A Message from Katie Bernstein--A Note from a Legitimate Applied Linguist
Wednesday, September 14, 2016
Posted by: Katie Bernstein
March, 2011; Chicago; my first AAAL conference.
A classmate from Berkeley, Billy, and I clung together like tourists with passports hidden in our belts. We hardly spoke to anyone. We attended every session we could. We took lots of notes. We befriended some nice people who were running a book display. We rejoiced in finding a drink ticket on the floor. We heard Jim Gee and Chuck Goodwin and Michael Silverstein and Mary Louise Pratt and Leanne Hinton and Diane Larson-Freeman speak. We whispered that they looked just like, or not at all like, what we had imagined from their writing. We stayed with friends in different suburbs of Chicago and parted ways at the bus stop each night, giddy and exhausted.
It was overwhelming. But it was also exhilarating. We suddenly saw that the “language” that we were learning to speak in our classes and that we were beginning to use to shape our own research was not just a private language, unique to our classmates and professors; it was the language of a discipline, our discipline: applied linguistics. This was it, we decided. We had found our “people.”
That year, and in the years that followed, I faithfully attended each AAAL conference. My advisor, Claire Kramsch, wisely and generously set aside money each year to make sure that her grad students could come to the conference. She knew before we did that coming to AAAL meant keeping a finger on the pulse of the field. What are people talking about? And how? More than any reading I do, coming to AAAL feels like a window into the soul of our discipline.
A few years into my AAAL-going, however, I had a crisis of faith. My research is in preschool classrooms, contexts into which few other applied linguists venture (except maybe to drop off their children). As I failed, year after year, to find more than one or two papers in the AAAL program about preschool children, I began to doubt that I could be a legitimate applied linguist and study very young learners. But the theories and methods I was using to make sense of my research context were the same theories and methods that others at the conference were using, too. I forced myself to recall that initial feeling of finding my people. I stuck around. I had a paper accepted. Then another one. I got over the feeling of illegitimacy. Mostly.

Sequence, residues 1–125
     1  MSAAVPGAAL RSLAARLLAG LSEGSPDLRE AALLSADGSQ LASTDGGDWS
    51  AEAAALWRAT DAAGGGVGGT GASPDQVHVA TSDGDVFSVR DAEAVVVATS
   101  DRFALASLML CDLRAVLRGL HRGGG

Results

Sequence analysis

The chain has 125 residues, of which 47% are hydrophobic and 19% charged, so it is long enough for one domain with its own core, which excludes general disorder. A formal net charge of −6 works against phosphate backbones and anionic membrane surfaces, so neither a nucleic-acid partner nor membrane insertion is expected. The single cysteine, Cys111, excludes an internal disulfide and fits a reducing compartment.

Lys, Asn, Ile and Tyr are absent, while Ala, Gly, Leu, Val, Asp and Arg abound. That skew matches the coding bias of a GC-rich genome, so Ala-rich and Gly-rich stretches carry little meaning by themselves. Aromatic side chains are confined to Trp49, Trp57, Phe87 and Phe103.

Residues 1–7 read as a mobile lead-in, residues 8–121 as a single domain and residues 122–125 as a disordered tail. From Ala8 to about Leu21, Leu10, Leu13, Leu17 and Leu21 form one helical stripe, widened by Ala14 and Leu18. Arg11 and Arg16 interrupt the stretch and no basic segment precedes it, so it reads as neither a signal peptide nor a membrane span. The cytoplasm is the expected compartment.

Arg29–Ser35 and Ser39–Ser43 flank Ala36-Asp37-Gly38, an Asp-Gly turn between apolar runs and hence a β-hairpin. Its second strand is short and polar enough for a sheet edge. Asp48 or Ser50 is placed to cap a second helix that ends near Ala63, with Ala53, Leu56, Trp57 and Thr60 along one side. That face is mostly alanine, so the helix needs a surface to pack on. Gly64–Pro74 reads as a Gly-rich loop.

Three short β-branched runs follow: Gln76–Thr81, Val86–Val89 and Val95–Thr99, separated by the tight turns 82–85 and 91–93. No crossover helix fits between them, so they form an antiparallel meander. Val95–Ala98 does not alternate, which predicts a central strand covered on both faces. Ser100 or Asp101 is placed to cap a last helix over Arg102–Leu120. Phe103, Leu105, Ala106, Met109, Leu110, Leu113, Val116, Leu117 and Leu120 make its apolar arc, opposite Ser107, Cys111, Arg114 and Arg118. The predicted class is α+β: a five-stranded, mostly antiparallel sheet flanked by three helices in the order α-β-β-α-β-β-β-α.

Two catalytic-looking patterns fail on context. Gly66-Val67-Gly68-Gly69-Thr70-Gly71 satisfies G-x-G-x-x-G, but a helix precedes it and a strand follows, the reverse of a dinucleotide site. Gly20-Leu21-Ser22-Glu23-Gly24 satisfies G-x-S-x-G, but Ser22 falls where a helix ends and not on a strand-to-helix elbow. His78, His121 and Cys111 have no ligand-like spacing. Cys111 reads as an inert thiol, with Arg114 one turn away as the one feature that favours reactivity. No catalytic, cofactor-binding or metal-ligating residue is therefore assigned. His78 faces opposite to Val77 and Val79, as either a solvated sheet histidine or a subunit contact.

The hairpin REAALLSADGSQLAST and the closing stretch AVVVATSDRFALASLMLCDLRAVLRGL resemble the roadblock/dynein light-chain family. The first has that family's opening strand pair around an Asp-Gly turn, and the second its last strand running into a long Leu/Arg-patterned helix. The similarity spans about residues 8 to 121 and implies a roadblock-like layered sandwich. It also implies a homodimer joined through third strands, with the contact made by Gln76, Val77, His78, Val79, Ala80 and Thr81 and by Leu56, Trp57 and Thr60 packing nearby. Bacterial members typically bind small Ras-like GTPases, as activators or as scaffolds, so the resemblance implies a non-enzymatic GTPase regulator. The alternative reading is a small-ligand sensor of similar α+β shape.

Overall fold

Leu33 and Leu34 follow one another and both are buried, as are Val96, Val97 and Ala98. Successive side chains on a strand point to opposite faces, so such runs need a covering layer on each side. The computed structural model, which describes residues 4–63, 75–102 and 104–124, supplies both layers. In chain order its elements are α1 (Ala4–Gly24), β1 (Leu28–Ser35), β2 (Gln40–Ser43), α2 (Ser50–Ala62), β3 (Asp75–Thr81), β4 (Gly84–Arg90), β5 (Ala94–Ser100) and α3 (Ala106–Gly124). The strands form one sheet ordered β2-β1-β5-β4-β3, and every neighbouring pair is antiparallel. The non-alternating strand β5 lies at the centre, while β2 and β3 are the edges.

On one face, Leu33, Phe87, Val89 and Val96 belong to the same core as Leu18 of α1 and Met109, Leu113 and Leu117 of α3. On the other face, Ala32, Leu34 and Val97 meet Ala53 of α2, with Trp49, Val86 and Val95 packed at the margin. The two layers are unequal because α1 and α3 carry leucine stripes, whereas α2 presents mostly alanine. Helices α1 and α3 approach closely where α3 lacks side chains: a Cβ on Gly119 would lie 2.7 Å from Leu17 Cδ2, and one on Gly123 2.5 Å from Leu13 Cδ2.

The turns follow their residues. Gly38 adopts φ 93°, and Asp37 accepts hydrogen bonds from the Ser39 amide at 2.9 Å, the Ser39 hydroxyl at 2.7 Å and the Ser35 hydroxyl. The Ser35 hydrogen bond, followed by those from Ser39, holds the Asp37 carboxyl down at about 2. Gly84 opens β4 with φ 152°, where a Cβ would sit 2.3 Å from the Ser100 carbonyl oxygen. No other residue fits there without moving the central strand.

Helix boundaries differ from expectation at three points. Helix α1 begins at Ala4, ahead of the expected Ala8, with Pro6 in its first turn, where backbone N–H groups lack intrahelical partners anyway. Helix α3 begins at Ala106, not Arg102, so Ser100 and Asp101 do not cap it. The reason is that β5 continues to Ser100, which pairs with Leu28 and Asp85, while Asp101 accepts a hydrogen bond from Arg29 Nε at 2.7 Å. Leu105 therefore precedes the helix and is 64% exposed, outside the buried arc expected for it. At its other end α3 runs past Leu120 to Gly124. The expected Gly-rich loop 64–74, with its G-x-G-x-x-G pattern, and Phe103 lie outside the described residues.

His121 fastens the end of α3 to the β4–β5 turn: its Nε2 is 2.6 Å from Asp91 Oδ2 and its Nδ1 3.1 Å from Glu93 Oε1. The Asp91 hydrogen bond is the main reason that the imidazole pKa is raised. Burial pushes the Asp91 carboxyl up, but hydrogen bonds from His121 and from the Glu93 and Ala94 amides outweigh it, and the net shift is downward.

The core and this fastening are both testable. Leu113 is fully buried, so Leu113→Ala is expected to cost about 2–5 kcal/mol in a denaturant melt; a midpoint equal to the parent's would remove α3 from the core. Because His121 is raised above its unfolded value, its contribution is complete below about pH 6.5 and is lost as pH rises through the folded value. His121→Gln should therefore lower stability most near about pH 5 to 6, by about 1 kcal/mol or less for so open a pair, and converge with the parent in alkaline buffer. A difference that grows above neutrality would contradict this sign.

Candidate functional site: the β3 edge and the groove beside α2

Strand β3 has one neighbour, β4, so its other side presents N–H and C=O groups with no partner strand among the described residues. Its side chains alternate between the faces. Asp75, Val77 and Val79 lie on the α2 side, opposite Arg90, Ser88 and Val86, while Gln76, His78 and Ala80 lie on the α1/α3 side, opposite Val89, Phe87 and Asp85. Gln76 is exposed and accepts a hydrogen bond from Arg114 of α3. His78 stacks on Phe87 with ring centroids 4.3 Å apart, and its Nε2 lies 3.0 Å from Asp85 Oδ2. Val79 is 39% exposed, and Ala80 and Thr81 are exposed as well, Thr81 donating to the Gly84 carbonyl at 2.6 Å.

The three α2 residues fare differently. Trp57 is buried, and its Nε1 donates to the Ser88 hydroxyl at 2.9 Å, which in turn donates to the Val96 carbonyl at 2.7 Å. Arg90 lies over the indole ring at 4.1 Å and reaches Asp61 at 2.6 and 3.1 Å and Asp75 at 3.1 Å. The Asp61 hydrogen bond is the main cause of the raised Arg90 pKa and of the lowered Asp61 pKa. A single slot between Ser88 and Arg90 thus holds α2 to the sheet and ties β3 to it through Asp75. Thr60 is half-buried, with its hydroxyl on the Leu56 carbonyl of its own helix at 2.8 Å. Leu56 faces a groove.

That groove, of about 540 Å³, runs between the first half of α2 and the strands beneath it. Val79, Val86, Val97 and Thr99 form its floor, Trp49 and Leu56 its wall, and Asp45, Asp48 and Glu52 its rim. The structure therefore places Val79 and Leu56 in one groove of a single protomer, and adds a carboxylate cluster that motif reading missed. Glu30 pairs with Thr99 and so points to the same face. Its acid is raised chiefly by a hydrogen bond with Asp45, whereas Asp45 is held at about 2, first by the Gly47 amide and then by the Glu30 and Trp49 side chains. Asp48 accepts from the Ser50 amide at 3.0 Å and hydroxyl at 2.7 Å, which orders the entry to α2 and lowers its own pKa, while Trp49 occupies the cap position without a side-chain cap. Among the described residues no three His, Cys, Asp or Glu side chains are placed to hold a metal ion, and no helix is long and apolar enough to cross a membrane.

Last spring, I had the happy surprise of winning the first AAAL dissertation award. Part of the joy I felt upon hearing the news was the feeling of being recognized, and perhaps recognizing myself, as an applied linguist. Part of my pleasure, too, was in seeing my four-year-old participants be recognized as legitimate language learners in our field.
As the research contexts discussed at AAAL continue to diversify—classrooms, courtrooms, boardrooms—I know that not all AAAL members rejoice in that expansion. I’ve heard eulogies for the days when everyone was part of the same conversation about university foreign language teaching. But a field is not its research participants or research contexts. Our theories, our methods, and even our debates about our theories and methods are what constitute our discipline and our “language.” And it is those debates and that shared “language” that keep me coming back for more.
So, yeah, I study preschoolers. And I still get excited about finding drink tickets. Applied linguists do those things sometimes. At least this one does.